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Considering Vulnerability with Relation to Freshwater Biodiversity

May 4, 2012

A key output of BioFresh will be Climate Vulnerability Index (or CVI) for freshwater biodiversity. Jon David and Paul Jepson, at the University of Oxford, are leading on the design of this index. This will be the first index to explicitly consider the vulnerability of riverine biodiversity to climate change at a global scale. As such, the design process has involved returning to first principles and specifically settling on a definition of ‘vulnerability’ that is both quantifiable and ecologically meaningful at the global scale.

So what is vulnerability? There are many existing vulnerability indices that consider the potential impact of future climate change, but the vast majority of these focus on human livelihoods and infrastructure. In spite of this, the term ‘vulnerability’ is used to mean different things within these papers and often consists of different components. The International Panel on Climate Change (IPCC) currently defines ‘vulnerability’ as a function of ‘exposure’, ‘sensitivity’ and ‘adaptive capacity’. However, after much deliberation and consultation we have decided to externalise exposure from vulnerability for the reasons outlined below.

Our definition of ‘intrinsic vulnerability’ assesses the degree to which the persistence of a population is dependent upon the prevailing climate (sensitivity) and the capacity of a population to cope with future climate change (adaptive capacity) (see Figure 1). A great advantage of conceptualising vulnerability in this way is that it removes the need to use climate and hydrological models to forecast future changes (exposure), and shifts the analysis towards a trait-based approach. This is particularly desirable due to the lack of accurate and reliable future data at a sufficiently fine-scale resolution globally.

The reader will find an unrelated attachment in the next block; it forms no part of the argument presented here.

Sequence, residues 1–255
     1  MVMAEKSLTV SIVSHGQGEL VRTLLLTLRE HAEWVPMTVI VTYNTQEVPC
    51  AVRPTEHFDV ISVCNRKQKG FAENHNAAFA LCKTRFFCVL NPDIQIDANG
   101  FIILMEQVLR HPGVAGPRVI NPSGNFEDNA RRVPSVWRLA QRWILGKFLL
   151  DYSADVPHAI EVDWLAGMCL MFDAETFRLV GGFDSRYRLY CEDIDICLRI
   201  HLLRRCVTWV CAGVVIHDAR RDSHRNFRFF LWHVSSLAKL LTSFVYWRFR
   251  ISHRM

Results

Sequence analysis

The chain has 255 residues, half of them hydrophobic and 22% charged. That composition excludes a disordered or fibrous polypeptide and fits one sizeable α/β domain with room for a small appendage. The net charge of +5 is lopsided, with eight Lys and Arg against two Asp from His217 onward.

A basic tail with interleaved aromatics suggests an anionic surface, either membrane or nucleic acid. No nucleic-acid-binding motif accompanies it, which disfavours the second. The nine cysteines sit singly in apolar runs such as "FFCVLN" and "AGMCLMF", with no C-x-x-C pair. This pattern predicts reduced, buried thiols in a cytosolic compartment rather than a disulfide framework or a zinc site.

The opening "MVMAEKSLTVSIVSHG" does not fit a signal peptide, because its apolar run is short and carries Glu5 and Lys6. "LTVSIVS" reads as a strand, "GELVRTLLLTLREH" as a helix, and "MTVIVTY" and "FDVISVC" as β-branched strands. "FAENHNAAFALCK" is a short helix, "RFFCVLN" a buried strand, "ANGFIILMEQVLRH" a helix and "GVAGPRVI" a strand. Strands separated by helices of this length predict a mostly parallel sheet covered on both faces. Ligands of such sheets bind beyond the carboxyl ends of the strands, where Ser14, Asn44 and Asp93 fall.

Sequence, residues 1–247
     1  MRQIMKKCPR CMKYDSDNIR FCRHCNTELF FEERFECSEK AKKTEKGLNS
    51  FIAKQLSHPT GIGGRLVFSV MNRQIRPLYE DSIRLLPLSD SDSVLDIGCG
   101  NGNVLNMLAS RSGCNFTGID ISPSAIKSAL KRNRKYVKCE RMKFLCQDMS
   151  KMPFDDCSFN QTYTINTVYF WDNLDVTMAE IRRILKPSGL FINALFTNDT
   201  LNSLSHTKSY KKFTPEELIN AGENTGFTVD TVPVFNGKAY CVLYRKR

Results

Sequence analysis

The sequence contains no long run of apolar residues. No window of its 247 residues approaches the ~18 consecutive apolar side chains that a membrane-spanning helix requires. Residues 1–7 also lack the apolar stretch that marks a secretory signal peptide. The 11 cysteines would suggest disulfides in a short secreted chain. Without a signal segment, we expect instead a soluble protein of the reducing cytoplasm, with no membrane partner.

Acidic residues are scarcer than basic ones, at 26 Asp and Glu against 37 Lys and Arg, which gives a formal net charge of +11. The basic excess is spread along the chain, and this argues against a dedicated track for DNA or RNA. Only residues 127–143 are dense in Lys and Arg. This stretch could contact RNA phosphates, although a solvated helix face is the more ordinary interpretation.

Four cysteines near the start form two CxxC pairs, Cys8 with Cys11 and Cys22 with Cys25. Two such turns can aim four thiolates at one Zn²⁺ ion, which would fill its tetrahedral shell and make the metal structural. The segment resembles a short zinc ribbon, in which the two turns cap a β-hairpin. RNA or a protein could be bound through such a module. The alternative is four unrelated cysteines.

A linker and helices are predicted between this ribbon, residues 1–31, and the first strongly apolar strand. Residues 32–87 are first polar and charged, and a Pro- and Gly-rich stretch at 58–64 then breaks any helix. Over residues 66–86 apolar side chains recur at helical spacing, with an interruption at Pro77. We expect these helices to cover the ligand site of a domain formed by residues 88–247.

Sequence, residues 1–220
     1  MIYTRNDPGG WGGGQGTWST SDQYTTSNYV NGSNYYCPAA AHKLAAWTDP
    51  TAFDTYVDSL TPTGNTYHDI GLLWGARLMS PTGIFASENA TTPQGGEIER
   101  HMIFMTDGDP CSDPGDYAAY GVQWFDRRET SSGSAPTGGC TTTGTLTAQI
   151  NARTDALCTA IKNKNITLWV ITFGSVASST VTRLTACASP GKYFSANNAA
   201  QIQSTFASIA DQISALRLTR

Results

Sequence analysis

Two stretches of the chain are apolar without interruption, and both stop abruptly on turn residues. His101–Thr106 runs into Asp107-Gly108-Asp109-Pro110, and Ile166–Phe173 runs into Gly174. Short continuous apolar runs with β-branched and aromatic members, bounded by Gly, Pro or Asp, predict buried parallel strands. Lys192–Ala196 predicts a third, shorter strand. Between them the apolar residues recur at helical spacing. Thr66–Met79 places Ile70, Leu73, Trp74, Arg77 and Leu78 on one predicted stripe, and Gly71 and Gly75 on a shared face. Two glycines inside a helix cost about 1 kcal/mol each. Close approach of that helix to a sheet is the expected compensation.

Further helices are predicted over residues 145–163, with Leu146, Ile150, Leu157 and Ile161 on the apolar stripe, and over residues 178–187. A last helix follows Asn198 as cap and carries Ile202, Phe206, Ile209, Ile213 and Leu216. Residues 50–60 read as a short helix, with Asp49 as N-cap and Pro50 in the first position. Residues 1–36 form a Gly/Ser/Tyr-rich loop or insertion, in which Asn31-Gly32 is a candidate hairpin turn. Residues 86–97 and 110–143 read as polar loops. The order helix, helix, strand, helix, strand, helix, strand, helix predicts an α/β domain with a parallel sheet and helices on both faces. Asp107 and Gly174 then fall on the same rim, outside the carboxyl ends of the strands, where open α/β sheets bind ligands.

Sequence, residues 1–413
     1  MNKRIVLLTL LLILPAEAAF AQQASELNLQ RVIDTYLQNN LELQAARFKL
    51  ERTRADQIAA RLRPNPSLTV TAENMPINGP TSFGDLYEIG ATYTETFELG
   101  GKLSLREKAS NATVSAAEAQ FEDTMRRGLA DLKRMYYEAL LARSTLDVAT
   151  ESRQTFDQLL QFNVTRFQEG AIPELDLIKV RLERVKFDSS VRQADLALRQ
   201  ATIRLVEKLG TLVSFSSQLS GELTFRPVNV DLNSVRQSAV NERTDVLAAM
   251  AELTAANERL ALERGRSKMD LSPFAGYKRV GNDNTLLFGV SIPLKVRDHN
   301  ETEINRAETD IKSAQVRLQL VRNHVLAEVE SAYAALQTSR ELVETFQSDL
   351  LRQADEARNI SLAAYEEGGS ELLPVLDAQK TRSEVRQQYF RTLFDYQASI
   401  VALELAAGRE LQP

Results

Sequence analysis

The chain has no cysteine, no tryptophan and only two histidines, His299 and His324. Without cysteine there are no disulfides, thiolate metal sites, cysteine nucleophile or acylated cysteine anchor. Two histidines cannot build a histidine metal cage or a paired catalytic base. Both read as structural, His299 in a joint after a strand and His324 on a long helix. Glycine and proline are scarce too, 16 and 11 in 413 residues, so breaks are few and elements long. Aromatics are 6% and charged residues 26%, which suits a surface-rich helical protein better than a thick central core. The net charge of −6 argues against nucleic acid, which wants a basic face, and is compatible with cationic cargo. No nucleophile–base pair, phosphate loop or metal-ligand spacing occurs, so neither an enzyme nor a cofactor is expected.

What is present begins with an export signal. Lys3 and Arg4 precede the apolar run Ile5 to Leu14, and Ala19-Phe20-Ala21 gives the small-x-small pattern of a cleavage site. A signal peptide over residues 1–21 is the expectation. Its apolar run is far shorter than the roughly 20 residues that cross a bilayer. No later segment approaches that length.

Figure 1: Unlike previous studies, the adopted vulnerability framework externalises exposure. This removes reliance on global climate models and future scenarios. Instead it focusses on analysing specific traits of systems that make riverine biodiversity sensitive or adaptive to climate change. A future development could see exposure scenarios coupled with the CVI to produce maps of potential impact.

The significance between the IPCC definition of ‘vulnerability’ and our definition of ‘intrinsic vulnerability’ can be summed up clearly in the following analogy. An individual may be immunologically pre-disposed to contracting a specific disease (sensitivity) but live in a region where vaccinations against the disease are not available (adaptive capacity). However, the disease does not occur in the region that they live (exposure). Thus, if exposure is included as component of ‘vulnerability’ the individual would have a low vulnerability index score because they are not exposed to the disease. However, if exposure is externalised from vulnerability, the individual would score as highly vulnerable due to both their high sensitivity and low adaptive capacity. Furthermore, in a scenario where the individual were to come into contact with the disease (future exposure), this could be combined with their high intrinsic vulnerability to identify them as high risk to potential impact from the disease. In our view this latter approach of externalising exposure provides a more logical and robust vulnerability index that can be combined with various exposure scenarios generate spatial maps of potential threat impacts. This approach supports the idea that such indices should be designed as ‘plug-ins’, or informatics components, that can be utilised in a wide range of future applications.

The CVI also covers exciting new ground by including an ‘Institutional Adaptive Capacity’ component.  This is an essential addition that is frequently left out of other global indices and brings a multi-disciplinary approach to this global index. Put simply, it recognises that freshwater life residing in ‘High Conservation Capacity’ regions (such as Western Europe, North America etc.) will be less vulnerable than that residing elsewhere because institutions and publics have more capacity to mobilise and form polices and management schemes that will aid climate adaptation.

It is our target to release a version 1.0 of the CVI in September 2012. The CVI makes use of the best global datasets available within the financial and time constraints of the project. As such, it is our vision that the CVI will be augmented and bettered as newer data becomes available. Next week’s blog post will consider how the CVI makes use of these global datasets and what scope there is for future development of the index.

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